As part of a special issue from the International Journal on Neonatal Screening, Drs. Millington and Bali review the development of newborn screening for LSDs and provide an objective comparison of the two technologies currently available for high throughput, multiplexed screening.
The Missouri State Public Health Laboratory (MSPHL) recently published findings on incidence rates from 4 years of full population newborn screening for Pompe, MPS I, Gaucher and Fabry lysosomal storage disorders (LSDs) using the digital microfluidic platform SEEKER. The Missouri program is the longest-running prospective and un-blinded newborn screening and follow-up study of LSDs in the United States. In the first 4 years of LSD screening, the MSPHL identified 133 newborns who were confirmed through diagnostic testing to have one of the four LSDs. The incidence rates for Pompe and Fabry found in Missouri correlate well with results from Taiwan but are higher than recently reported incidence rates in Illinois. Incidence rates for Gaucher and MPS I correlate well to other pilot studies. The MSPHL has not identified any missed LSD cases to date.
This study demonstrates the feasibility of using lower sample volumes for testing coagulation markers of enzymatic functional assays on a microfluidic cartridge.
Dr. Millington refutes further misinformation regarding the application of ‘equivalent cutoffs’ to prospective NBS data, misleading comparisons of MS/MS and fluorometry GAA testing methods and the effect of preanalytical variability on LSD NBS results.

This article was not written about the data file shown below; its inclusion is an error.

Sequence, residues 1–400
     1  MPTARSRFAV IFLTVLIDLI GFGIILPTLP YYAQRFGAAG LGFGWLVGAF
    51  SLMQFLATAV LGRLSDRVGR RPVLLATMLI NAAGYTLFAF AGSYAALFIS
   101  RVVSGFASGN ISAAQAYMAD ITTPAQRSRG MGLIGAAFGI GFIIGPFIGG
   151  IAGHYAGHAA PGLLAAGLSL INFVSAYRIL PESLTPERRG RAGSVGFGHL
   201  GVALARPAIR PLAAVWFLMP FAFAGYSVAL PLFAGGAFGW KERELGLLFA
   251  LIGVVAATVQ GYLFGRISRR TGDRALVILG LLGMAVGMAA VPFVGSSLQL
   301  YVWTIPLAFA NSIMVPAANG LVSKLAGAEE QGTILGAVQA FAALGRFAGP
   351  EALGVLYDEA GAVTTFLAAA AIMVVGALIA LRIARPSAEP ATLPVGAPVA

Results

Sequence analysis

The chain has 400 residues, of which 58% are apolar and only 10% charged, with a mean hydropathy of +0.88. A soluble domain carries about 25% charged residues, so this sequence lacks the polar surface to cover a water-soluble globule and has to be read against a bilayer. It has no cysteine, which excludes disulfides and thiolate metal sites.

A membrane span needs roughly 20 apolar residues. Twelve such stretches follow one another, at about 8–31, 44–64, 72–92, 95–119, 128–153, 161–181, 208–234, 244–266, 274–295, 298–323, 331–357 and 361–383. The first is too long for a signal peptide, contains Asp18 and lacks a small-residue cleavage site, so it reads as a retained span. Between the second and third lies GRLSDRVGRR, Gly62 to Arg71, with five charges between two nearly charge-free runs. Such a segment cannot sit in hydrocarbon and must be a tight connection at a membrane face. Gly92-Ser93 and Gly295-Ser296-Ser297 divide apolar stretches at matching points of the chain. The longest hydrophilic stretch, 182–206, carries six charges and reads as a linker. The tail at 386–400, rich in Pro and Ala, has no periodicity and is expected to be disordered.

Dr. David Millington, pioneer of expanded newborn screening, and Dr. Deeksha Bali, expert in LSD diagnostic methods, address persistent misinformation regarding current methods for newborn screening of LSDs.
This collaborative study out of Taiwan compared the impact of very early (by 10 days of age) to early (by 1 month of age) initiation of enzyme replacement therapy on long-term health outcomes in patients with infantile onset Pompe disease (IOPD), a lysosomal storage disorder. The authors conclude that starting enzyme replacement therapy just a few days earlier may improve long-term outcomes for IOPD patients.
This report demonstrated the feasibility of measuring glucose-6-phosphate dehydrogenase (G6PD) enzyme activity via the digital microfluidic platform for point-of-care newborn screening.
The first ever published study of prospective newborn screening for lysosomal storage disorders in the U.S. highlights the results from the first 6 months of newborn screening in Missouri for Pompe, Gaucher, Fabry and MPS I.
To demonstrate that different assays can be performed on the same digital microfluidic cartridge, this study demonstrated feasibility of performing an enzyme assay for biotinidase deficiency on the same cartridge used for detecting enzyme activity of lysosomal storage disorders.
As a follow-up to previous research, this study demonstrated feasibility of performing enzyme activity assays for Gaucher and Hurler diseases using digital microfluidics.